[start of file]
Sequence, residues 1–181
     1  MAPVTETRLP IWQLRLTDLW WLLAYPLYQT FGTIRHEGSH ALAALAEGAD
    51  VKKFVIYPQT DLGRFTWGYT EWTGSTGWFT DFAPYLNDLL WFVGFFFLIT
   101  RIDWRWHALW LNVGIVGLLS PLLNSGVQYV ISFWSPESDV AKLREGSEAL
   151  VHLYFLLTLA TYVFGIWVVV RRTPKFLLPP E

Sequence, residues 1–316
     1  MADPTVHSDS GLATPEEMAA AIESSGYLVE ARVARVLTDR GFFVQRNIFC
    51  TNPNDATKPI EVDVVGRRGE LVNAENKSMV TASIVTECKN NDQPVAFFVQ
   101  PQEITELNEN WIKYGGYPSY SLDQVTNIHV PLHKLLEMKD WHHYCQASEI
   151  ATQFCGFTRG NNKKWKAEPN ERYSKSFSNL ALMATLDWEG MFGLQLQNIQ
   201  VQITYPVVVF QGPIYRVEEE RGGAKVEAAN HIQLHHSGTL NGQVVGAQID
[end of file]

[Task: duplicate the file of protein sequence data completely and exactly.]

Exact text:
Sequence, residues 1–181
     1  MAPVTETRLP IWQLRLTDLW WLLAYPLYQT FGTIRHEGSH ALAALAEGAD
    51  VKKFVIYPQT DLGRFTWGYT EWTGSTGWFT DFAPYLNDLL WFVGFFFLIT
   101  RIDWRWHALW LNVGIVGLLS PLLNSGVQYV ISFWSPESDV AKLREGSEAL
   151  VHLYFLLTLA TYVFGIWVVV RRTPKFLLPP E

Sequence, residues 1–316
     1  MADPTVHSDS GLATPEEMAA AIESSGYLVE ARVARVLTDR GFFVQRNIFC
    51  TNPNDATKPI EVDVVGRRGE LVNAENKSMV TASIVTECKN NDQPVAFFVQ
   101  PQEITELNEN WIKYGGYPSY SLDQVTNIHV PLHKLLEMKD WHHYCQASEI
   151  ATQFCGFTRG NNKKWKAEPN ERYSKSFSNL ALMATLDWEG MFGLQLQNIQ
   201  VQITYPVVVF QGPIYRVEEE RGGAKVEAAN HIQLHHSGTL NGQVVGAQID